Arts & Culture

Emirati women’s dress colors: More than black

This Emirati photographer captures the brilliant colors of Emirati women wearing traditional dresses.


By Amna Alharmoodi

Fatma Ali Abed’s photography frequently depicts women clad in colorful jalabiyas and household shailas. Image: Fatma Ali Abed.

The mainstream international media often depicts Emirati women clad in a black abaya and shaila. While our outerwear represents our religion and traditions specific to our region, there are more textiles and fabrics that we hold closer to our hearts and better represent our colorful customs and culture.

Fatma Ali Abed is a 24-year-old Emirati who translates “the beauty of our everyday” through the lens of her camera. Her photography frequently depicts women clad in jalabiyas, the traditional dress of women in the UAE (and other Gulf and Arab countries, in their own versions), and colorful household shailas. The subjects of her photographs include her sister, her nieces and her cousins. By using her family members as subjects, Fatma is allowing the viewer to enter an intimate space that is not often visible to the outside world.

24-year-old Emirati photographer Fatma Ali Abed is an architectural engineer by training. Image: courtesy.

In Arab societies, women are traditionally expected to be clad modestly in a fabric and cut that does not reveal or accentuate the shape of the body. Thus, Emirati women have turned to wearing the free flowing abaya in public, but jalabiyas are commonly worn in the private sphere. Fatma views the traditional dress, jalabiyas, as “represent[ative of] our identity as Arabs, especially [that of the] local women.” This idea of showing and inviting the viewer to see a more private side of Emirati women is what is alluring and special about Fatma’s work.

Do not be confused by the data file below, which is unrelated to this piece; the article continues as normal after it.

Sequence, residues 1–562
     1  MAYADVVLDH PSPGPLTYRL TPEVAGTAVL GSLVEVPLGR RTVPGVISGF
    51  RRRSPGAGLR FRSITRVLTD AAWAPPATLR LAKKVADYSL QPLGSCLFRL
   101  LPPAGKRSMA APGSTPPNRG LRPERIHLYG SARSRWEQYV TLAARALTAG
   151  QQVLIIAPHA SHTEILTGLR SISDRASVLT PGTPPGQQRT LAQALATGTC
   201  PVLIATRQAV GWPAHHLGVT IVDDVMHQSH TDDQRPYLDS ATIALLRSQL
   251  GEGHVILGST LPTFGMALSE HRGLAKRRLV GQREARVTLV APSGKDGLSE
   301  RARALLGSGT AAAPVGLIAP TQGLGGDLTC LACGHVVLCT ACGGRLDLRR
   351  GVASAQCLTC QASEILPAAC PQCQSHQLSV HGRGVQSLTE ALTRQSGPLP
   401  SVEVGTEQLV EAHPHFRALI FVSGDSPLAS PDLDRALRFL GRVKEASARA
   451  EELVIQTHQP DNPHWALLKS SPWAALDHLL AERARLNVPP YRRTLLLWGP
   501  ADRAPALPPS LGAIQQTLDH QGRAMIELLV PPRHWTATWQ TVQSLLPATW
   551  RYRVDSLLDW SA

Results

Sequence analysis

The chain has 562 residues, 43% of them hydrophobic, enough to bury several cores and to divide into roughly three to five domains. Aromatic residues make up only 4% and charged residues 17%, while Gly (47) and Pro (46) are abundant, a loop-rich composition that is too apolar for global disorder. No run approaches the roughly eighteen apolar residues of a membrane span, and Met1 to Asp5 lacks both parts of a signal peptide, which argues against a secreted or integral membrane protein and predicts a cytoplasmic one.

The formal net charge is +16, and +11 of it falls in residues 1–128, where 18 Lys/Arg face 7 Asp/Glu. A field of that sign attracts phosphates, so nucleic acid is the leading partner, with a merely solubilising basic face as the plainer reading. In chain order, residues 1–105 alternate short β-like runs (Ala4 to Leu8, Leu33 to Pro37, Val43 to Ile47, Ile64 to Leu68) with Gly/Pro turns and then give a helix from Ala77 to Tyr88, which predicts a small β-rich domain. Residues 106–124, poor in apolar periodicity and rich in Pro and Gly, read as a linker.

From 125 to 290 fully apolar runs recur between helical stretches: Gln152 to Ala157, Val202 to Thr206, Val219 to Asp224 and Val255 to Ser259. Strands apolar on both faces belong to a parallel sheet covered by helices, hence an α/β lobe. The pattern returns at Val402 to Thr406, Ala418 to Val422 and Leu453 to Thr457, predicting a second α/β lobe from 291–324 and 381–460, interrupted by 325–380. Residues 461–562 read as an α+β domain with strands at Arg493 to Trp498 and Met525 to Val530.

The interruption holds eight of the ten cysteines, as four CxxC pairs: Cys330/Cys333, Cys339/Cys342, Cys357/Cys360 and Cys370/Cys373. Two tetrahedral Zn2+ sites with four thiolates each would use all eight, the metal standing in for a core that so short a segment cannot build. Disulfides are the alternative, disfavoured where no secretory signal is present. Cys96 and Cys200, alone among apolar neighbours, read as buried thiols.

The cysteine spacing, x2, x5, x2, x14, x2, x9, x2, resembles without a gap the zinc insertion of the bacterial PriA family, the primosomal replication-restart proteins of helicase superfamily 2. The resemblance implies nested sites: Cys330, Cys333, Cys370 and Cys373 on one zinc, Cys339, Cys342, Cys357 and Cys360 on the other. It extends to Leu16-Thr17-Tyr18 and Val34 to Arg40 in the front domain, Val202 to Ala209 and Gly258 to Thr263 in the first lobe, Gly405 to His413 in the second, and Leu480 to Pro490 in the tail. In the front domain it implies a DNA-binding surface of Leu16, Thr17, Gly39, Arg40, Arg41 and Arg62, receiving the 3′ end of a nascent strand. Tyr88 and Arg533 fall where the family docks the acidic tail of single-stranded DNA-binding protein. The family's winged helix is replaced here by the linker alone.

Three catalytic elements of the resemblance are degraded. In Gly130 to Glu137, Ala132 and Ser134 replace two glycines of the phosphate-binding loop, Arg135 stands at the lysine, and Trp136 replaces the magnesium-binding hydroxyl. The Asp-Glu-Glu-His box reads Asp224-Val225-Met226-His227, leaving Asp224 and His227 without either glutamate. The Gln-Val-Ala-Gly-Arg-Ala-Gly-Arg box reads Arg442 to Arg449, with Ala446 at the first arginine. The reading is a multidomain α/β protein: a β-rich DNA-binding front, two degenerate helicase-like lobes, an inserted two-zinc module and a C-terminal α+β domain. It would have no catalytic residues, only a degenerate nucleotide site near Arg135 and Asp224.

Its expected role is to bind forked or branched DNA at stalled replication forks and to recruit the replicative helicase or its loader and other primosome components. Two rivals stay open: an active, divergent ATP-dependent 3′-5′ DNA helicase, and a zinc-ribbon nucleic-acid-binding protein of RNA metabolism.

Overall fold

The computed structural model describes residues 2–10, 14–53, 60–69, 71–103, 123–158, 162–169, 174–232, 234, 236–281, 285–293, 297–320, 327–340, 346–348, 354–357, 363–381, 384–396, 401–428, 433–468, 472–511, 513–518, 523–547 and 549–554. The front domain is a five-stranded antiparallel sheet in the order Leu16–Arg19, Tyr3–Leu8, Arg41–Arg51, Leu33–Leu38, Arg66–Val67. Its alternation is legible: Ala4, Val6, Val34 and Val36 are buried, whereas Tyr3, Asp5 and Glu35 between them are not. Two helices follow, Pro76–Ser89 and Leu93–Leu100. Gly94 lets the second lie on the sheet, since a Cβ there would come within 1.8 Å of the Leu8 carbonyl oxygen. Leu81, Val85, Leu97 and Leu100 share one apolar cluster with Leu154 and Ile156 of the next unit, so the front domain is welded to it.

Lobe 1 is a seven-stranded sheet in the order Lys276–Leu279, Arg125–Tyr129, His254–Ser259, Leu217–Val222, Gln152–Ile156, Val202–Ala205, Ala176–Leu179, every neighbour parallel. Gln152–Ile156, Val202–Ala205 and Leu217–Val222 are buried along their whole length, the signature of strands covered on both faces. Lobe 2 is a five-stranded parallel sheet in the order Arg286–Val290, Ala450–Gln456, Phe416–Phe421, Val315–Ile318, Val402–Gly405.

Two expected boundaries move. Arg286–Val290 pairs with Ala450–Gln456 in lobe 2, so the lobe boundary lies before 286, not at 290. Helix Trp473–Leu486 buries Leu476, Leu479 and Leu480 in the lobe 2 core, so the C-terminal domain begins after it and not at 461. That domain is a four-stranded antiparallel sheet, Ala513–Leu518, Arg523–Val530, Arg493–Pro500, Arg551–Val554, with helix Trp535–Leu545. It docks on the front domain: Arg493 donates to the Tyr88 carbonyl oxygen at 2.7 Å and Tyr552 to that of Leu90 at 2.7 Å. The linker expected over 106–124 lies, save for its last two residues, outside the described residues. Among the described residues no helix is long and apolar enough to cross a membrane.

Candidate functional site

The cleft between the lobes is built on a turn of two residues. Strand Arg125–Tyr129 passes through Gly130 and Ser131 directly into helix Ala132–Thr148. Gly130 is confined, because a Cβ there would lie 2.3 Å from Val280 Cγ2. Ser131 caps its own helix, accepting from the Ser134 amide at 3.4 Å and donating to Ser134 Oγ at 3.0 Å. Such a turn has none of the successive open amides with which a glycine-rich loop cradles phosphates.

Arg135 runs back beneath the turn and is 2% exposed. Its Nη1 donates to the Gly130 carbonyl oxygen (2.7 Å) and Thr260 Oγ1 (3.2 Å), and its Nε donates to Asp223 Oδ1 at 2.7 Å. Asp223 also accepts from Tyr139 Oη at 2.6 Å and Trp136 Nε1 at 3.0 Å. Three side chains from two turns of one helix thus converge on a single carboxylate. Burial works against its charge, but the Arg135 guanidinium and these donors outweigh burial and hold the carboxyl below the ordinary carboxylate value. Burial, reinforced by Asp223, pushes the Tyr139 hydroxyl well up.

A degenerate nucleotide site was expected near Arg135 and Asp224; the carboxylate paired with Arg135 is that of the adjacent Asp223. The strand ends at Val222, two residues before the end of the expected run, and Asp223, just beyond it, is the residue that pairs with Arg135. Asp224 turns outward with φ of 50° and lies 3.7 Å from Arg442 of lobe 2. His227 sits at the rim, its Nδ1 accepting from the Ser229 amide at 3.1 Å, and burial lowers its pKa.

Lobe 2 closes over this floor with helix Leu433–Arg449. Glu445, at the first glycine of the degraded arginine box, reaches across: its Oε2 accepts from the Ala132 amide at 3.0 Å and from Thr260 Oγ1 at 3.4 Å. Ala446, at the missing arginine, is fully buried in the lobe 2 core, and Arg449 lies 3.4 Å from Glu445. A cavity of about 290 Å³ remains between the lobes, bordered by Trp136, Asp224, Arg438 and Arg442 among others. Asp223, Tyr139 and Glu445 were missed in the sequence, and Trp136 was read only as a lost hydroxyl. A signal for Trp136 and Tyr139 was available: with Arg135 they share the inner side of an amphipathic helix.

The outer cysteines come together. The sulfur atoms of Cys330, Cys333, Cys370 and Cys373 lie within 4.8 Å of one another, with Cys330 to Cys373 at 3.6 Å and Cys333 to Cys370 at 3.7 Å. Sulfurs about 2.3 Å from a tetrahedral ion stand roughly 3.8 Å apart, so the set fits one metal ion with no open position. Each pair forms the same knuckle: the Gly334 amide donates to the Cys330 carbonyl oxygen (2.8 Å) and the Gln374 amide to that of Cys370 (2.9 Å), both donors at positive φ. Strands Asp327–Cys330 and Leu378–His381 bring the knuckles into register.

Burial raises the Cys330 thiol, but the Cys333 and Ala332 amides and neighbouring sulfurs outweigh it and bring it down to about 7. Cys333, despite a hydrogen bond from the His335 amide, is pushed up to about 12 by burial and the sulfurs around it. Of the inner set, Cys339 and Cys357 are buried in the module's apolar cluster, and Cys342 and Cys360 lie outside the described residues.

The subjects of Fatma’s photography are her female relatives. By using her family members as subjects, Fatma is allowing the viewer to enter an intimate space that is not often visible to the outside world. Image: Fatma Ali Abed.

In a world where Emirati women are often depicted as dressed in black abayas in public, Fatma is placing her camera and artistic focus on celebrating women in their traditional dresses, in their private spaces. When I ask her why not capture women in abayas, she replies, “I am not judging the abaya photographers out there, but I enjoy translating our culture in a more colorful way.” The young photographer opens up the dark exterior to reveal the kaleidoscope of colors of Emirati culture.

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“I enjoy translating our culture in a colorful way” says Fatma Ali Abed. Image: Fatma Ali Abed.

Most of the architectural engineer’s photographs are shot in historical buildings, including old forts, that Fatma frequents with her family. By combining historical structures and young women clad in vibrant colors and modern accessories, Fatma believes she is representing our constantly changing nation. Fatma explains that historical settings or backdrops “represent our culture in a modern manner, along with the beauty of our daily lifestyle.” Mixing the UAE’s past with its modern elements, Fatma feels that she is modestly capturing a day in her life.

By using historical structures as her backdrop , with young women clad in modern vibrant colors, Fatma Ali Abed says she is representing a constantly changing nation. Images: Fatma Ali Abed.

Fatma hopes that her photography will relay the message that, “It feels good
to be yourself.” She hopes that people do not shy away from representing their local
aesthetics and lifestyle to the world. In a world where many chase trends and the need to be viral, Fatma believes that one does not need to feel compelled to follow the new and trendy route. In fact, Fatma does not adhere to such a notion at all. She does not strive to fit her culture, or who she is, in a box. What she does instead is capture her surroundings and proudly state, “This is me, this is us.”

To see more of Fatma Ali Abed’s work, visit her Instagram page.

Amna Alharmoodi is an Emirati writer passionate about writing the hidden Emirati stories. She won second place in Abu Dhabi Music and Arts Foundation (ADMAF) Annual Creativity Award in 2019 for her short story “Transit”, which she co-wrote. She has been published in the NYU Abu Dhabi literary magazine, Airport Road, the NYU literary journal, Brio and the Paris-based literary magazine Postscript. 

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